Contributor: Dr. Elise Herman
The pandemic has affected so many things for our children, including their education. Despite incredible efforts by devoted teachers and school staff, progress in reading has suffered significantly, with many more students at risk of not learning to read than prior to the pandemic. Kids who do not learn to read in elementary school are at greater risk of dropping out, earning less, and getting in trouble with the law.
A valuable community resource for helping children become good readers may surprise you—it’s your child’s healthcare clinic. The national literacy program for children, Reach Out and Read, has been at Community Health of Central Washington for about 10 years and started at Kittitas Valley Healthcare pediatric and family medicine clinics this month. Reach Out and Read (ROR) was founded in 1989 by a group of pediatricians and educators. It promotes reading by giving out free books at every well child visit from age 6 months through 5 years, and is the only children’s literacy program endorsed by the American Academy of Pediatrics.
The books chosen are age appropriate and culturally sensitive to be ideal for each child. At the well child check, the provider shows the book to the child, perhaps modeling for the parents how to engage with their child through reading, while encouraging the child to handle and explore the book. This is typically an extremely positive part of the visit for all!
The effects of reading together with kids early and consistently are impressive. This activity and the extra love and attention that go along with it help promote brain development, especially important in the first three years of life. Children who are read to tend to develop better recognition of letters and sounds, have a bigger vocabulary, and become better listeners. The connection between parent and child while reading is also reassuring and soothing.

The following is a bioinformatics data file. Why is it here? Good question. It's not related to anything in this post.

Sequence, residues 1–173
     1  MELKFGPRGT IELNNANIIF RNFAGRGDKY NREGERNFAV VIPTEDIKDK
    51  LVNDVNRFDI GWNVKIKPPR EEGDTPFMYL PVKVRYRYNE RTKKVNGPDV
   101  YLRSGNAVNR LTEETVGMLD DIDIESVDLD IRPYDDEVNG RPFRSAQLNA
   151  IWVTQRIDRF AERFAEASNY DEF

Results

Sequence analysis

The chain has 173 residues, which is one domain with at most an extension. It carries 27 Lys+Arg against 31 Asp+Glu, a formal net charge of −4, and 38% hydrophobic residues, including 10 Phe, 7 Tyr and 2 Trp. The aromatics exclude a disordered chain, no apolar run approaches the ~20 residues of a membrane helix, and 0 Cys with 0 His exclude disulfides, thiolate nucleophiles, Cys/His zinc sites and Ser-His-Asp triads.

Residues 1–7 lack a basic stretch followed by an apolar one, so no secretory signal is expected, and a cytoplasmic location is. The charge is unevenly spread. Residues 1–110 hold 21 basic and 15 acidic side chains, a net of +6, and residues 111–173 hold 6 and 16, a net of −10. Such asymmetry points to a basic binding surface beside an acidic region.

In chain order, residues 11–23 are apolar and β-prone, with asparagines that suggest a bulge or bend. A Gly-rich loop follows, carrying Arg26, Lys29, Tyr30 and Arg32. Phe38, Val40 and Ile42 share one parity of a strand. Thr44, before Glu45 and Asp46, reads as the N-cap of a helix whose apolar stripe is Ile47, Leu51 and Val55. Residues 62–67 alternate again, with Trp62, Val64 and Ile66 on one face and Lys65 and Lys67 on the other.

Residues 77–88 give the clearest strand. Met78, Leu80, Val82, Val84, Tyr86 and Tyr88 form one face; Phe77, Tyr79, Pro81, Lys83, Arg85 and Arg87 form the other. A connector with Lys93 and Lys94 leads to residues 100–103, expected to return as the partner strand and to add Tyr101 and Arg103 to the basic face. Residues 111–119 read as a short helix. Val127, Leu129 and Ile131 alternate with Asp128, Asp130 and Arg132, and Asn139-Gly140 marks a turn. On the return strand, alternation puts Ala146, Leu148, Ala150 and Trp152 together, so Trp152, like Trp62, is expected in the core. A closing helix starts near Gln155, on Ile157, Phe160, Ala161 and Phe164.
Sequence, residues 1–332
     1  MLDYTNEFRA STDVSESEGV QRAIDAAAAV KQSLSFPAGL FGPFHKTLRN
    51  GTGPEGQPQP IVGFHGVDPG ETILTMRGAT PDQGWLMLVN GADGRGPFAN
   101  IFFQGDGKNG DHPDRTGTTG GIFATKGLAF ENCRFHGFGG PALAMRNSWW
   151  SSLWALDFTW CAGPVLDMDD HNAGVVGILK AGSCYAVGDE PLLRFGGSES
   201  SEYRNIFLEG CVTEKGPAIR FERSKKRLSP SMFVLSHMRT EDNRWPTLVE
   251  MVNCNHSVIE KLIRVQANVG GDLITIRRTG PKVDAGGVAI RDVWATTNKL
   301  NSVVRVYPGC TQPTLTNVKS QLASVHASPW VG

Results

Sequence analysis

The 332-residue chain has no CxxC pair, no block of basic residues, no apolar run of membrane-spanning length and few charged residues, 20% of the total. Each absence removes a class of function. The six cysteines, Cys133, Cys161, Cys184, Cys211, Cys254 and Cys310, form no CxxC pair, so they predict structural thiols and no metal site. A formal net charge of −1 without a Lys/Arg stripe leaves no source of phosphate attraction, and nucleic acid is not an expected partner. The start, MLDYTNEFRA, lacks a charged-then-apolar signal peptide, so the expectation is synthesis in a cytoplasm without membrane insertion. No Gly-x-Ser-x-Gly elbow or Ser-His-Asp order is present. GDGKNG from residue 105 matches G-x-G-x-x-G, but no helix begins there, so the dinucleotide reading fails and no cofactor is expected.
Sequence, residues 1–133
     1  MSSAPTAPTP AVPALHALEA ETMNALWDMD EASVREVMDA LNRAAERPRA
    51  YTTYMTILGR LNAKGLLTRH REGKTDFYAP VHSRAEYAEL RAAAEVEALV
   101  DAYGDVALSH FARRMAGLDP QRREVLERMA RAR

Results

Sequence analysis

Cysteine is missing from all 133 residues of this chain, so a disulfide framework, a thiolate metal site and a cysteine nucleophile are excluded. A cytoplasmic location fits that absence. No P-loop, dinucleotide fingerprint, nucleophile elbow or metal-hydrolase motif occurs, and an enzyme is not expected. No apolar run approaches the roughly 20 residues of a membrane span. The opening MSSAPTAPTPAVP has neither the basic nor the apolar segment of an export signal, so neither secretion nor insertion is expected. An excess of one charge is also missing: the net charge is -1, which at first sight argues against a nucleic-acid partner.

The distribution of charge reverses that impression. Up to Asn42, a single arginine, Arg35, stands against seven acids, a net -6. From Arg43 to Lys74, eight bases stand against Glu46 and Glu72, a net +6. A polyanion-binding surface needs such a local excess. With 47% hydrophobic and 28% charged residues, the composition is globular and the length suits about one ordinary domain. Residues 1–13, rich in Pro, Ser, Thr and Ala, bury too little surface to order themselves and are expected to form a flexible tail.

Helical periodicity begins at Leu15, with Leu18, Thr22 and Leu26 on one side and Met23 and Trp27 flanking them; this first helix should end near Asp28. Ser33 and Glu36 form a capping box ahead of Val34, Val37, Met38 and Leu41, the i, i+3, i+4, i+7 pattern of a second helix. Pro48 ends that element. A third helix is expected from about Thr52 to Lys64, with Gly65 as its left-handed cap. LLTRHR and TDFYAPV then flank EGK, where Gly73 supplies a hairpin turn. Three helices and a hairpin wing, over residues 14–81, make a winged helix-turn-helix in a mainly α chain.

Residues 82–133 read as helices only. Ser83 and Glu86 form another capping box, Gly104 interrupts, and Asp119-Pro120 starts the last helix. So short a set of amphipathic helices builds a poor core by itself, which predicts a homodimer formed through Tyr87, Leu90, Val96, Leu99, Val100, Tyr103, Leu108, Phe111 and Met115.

Research has shown that kids who are part of Reach Out and Read show better language scores (both speaking and listening) and their language development continues to improve with ongoing involvement with the program. ROR parents are twice as likely to read to their kids at least 3 times a week, and report increased enjoyment with reading together.
Here are a few tips to best encourage reading in your home:
- Read together daily, especially at bedtime
- Encourage your child to hold the book and turn the pages
- You don’t have to read the words exactly, especially to young children; you can just talk about the pictures
- Encourage your child to point to things in the book and ask your child questions Simple books, with rhyming and repetition, are perfect for young kids
- Bilingual books and books about people from different cultures build empathy and understanding of others
- Be a good role model and regularly read yourself, ideally using traditional books as opposed to an electronic device
more about The contributor
Dr. Elise Herman
Dr. Herman is passionate about community health outreach, school programs, and child/family health and wellness. She has more than 31 years of experience as a pediatrician in Ellensburg, Washington, the last 3 with KVH Pediatrics. In 2022 Dr. Herman retired from practice and continues to contribute blog posts and remain a visible advocate for kids in the community.